Aaron Andrews: Some Ramblings

Aaron Andrews

Aaron Andrews

Aaron Andrews is a second year PhD student at the University of Leicester’s Centre for Urban History. He is currently researching ‘Urban Decline’ in Glasgow and Liverpool, c. 1960-1990. You can follow him on Twitter: @MrAaronAndrews

Some Ramblings in Response to Rethinking Modern British Studies

With such a diverse range of panels, so many insightful and thought-provoking papers, and evocative plenaries, it is impossible to identify the single issue addressed by MBS2015. This is probably a good thing; as historians, especially after the historiographical turns of the 1990s, we are taught to be sceptical of overarching narratives. The question therefore arises: how on earth can one person respond to Rethinking Modern British Studies?

For me, there were two interlinking issues which loomed over the conference and these were issues which I look forward to seeing how MBS addresses as the project moves forward. In a field which it seems is becoming ever more contemporary in its focus, Neoliberalism (both as an ideology and an actually-existing phenomenon) comes increasingly into focus.

Working Paper 1 articulated an interpretation of modern British history through ‘cultures of democracy’. But this was a conception in which the economy, though not forgotten, felt a little bit pushed to the back. With 9 elections since Thatcher’s victory in 1979, Neoliberalism is and was essentially a democratic project (a statement I may one day regret). Perhaps there’s something in a paper on the democratic cultures of Neoliberalism, but given some of the alarm at the neoliberalisation of Higher Education this may prove contentious.

‘Manifestos’ also cast a bit of a shadow over proceedings. The Working Papers, not manifestos in themselves, articulated a vision for Modern British Studies both at Birmingham and in the field at large. But other manifestos, which I won’t name, were (almost) as much on delegates’ minds as the Birmingham papers; how, we were asked, can we answer the big questions?

One of MBS’ great triumphs was to bring into direct conversation political, economic, social and cultural historians. Historians of emotions, of subcultures, of sexuality, gender and everything else in between. Some matched the size of the question with the scope of enquiry, others used individual narratives to clearly outline broader historical processes. Structure versus agency. Macro versus micro. As this conference showed however, fragmentation is not a bad thing; it simply reflects the vitality of the field.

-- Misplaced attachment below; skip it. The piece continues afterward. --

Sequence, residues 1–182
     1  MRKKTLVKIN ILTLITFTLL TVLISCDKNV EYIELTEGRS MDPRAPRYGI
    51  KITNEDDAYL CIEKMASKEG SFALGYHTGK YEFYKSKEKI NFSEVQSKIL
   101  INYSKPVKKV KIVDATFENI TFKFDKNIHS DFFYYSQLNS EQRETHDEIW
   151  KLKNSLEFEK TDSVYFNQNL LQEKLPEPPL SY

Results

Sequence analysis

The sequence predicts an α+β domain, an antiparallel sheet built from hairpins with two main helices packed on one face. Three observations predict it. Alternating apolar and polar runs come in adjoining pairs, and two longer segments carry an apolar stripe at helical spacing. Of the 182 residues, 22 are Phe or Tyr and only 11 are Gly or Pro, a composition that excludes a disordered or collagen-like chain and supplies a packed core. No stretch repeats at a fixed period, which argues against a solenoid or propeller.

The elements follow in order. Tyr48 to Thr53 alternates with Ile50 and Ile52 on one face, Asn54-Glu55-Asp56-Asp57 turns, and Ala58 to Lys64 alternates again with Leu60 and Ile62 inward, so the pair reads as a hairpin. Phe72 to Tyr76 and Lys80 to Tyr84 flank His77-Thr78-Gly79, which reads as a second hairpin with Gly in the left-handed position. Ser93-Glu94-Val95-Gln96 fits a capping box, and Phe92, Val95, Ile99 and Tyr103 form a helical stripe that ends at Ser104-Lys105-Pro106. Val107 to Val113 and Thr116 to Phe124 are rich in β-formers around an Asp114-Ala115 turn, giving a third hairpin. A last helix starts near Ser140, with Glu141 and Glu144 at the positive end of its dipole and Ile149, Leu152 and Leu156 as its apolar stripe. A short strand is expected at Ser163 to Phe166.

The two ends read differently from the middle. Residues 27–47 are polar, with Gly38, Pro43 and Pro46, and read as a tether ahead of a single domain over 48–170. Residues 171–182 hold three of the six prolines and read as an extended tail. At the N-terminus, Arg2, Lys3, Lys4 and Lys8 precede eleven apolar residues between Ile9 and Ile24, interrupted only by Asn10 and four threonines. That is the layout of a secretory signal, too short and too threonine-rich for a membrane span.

The real reason I bring up the word ‘manifesto’ was not to deride or dismiss Working Paper 1. Rather, the word can be invoked for Working Paper 2; a spectre was haunting the PhD/ECR Workshop and, you may have already guessed it, that spectre was Neoliberalism, and ECR working conditions more broadly.

There were many strategies put forward to deal with the problems identified, from joining a union (who knew PhD students could choose between UCU and NUS?) to learning to cook (some great advice from Catherine Hall on the importance of looking after yourself and taking time to get away from work).

But from my own perspective, MBS can be effective through being affective. By this I don’t mean getting emotional, we are British (historians) after all. I simply mean providing both the necessary support and a space in which postgrads and ECRs can develop ideas, gain the confidence to raise their hands and ask questions, and generally feel part of something larger. As one of the many in receipt of free registration, I have to admit that this is an area in which MBS at Birmingham has set the bar pretty high.

In many ways, the conference raised more questions than it asked. A good thing, perhaps, for a centre hoping to start a conversation. It is beyond doubt, however, that MBS2015 left the field feeling invigorated (and a little bit hungover – or was that just me?)


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